It’s tough to argue that some of the best ski resorts in North America lie in Western Canada. We spent the coldest month of the year exploring the resorts along the Candian Rockies and Purcells.
Your next Canadian ski holiday will never be the same after taking a stab at some of these awesome destinations.
Fantastic Ski Resorts in the Canadian Rockies
Fernie Alpine Resort
Fernie has been named as one of the best ski towns in the world by countless sites and magazines, including the likes of National Geographic. It’s historically a mining town that was voted the “Best Little Town in BC,” and for good reason. Fernie actually turned out to be one of our favorite spots in all of Canada.
This resort in the Canadian Rockies is known for drowning in piles of snow. They see on average of nearly 9m of snow or about 29 ft a year. The resort is spread out over 2,504 acres of terrain that includes five large bowls, ridges, and glades. To explore all that the mountain has to offer would take a season at least, with countless options for new lines.
Located in the British Columbia Rockies, Fernie Alpine Resort is the ski destination that powder-lovers dream of and is another expert mountain on this list. With 2,504 acres of terrain spread over five spectacular open alpine bowls, ridges and glades, there is an endless adventure on this mountain. The one saying you’ll hear a lot in Fernie is “steep and deep” and it’s well deserved.
The charming historical town of Fernie is only minutes from the base of the ski area. It is easy to see why with the old main street is well maintained and lined with ski shops, bars, restaurants, and coffee shops. We’ve been looking for a future home and because of the epic powder and cute town Fernie is definitely a contender.
The resort does have a few downsides, mainly that it is not a very kid or beginner friendly location. Beginners will also have a tough time finding long runs on the mountain. That’s not to say beginners and children aren’t welcome, but the mountain can indeed get dangerous and most of the fun stuff is at the top.
The facilities at the resort could also use some updating. However, we weren’t too fussed with any of this because we were having so much fun in the powder. Also, it’s kinda in the middle of Nowhere meaning city day-trippers won’t flock in crowding the resort. Walk up lift tickets here will run you $104.95, check Liftopia for a discount.
Where to Stay in Fernie?
Snow Valley Lodging offers great accommodation right within walking distance of downtown Fernie. They provide visitors with modern and comfortable rooms. We stayed in their new tiny homes which are super cute and surprisingly spacious. They have a full kitchen, comfortable living area, soft mattress, and fast WiFi. They also have free bike rentals and a hot tub on site.
Nakiska Ski Area
This was our first introduction to the Canadian Rockies and we are happy we made the stop. Many people skip over Nakiska for it’s bigger and more intimidating counterparts of Lake Louise and Banff Sunshine. While the surrounding region of Kananaskis may not be as world-renowned as Banff, it is every bit as stunning and with far less tourism.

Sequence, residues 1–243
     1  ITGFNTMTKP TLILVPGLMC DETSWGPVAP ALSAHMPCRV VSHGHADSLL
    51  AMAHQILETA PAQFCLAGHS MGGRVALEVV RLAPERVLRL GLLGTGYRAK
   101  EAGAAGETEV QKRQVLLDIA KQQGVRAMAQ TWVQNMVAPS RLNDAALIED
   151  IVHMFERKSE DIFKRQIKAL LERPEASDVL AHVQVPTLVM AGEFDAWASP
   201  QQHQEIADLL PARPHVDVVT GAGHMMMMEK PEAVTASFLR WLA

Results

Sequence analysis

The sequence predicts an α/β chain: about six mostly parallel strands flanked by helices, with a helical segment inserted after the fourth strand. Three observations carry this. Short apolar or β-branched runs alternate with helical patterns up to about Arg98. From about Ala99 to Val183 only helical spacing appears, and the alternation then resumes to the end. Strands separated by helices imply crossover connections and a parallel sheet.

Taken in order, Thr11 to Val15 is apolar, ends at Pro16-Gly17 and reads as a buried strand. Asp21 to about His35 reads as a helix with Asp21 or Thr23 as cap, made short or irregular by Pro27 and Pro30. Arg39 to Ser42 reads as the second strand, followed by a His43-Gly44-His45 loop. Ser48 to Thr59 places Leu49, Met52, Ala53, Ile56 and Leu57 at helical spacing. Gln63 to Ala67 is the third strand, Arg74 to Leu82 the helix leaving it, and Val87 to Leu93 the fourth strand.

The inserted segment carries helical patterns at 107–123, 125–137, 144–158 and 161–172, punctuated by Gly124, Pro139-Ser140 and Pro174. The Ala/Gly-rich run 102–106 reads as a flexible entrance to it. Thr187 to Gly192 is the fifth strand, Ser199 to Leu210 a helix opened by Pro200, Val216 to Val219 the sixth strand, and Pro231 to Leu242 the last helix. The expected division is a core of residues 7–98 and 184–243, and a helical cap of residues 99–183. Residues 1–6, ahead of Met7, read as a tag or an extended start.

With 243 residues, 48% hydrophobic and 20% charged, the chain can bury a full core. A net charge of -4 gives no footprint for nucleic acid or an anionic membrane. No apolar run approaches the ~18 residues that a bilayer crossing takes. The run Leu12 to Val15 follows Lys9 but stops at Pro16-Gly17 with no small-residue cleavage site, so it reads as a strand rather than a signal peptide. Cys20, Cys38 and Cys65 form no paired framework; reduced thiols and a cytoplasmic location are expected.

To get to Nakiska you will most likely start in Calgary, only an hours drive away. The drive into Kananaskis Country instantly makes you feel small as the Canadian Rockies making you even forget you were just in a major city.
Nakiska was originally built for the 1988 Winter Olympics in Calgary. Nineties babies may remember those Olympics from the movie Cool Runnings, about the first Jamaican bobsled team. Nakiska is easy to digest ski resort that is popular with residents day tripping from Calgary. It may not pull in the international visitors like some resorts, but its small feel is perfect for families looking for a low key vacation. We visited over the weekend, with snowfall, and still felt as if we had the resort to ourselves.
We had a blast at Nakiska as the snow continued to fall leaving the slopes in great condition. While it may not have been enough for a powder day it left the pistes with a great base, and the large gladed with soft moguls and pockets of powder. It’s typically quiet during the week as Calgarians have to work and most travelers head to Lake Louise and Banff Sunshine. We particularly loved their “Monster Glades” and found deep snow turns, soft moguls, and beautiful snow trees. It’s probably a good idea to compare travel insurance plans if you’re skiing between trees.
We stayed at the only hotel in the area, Delta Hotel Kananaskis. We got lucky as my sister is a Marriott employee and we were able to score a sweet deal on the room there. The resort is family oriented and they’re getting ready to open up a massive new nordic inspired spa. Just a heads up they also have the only food options in the area unless you want to make the drive to Canmore (45 minutes away). We hadn’t prepared for that and wound up eating expensive resort food for the weekend. Single-day lift tickets for Nakiska cost $84.95, but if you pre-purchase you will be able to get a deal. We found their on-mountain food to be reasonably priced.
Where to Stay at Nakiska?
We stayed at the Delta Kananaskis Hotel. Rooms here start at $200/night and are incredibly comfortable. The whole property is more of a “resort” and includes a lot to do on site. There are restaurants, a bar, and a Nordic spa. It’s great for children to enjoy too!
Kicking Horse Mountain Resort
British Columbia is well known for its legendary ski resorts and Kicking Horse is one that consistently makes the list. The mountain used to be serviced for heli-skiing only, but with the new addition of a massive gondola a world of terrain has opened up to everyone. This Canadian ski resort is no beginners mountain with some crazy double black diamond cutes and bowls.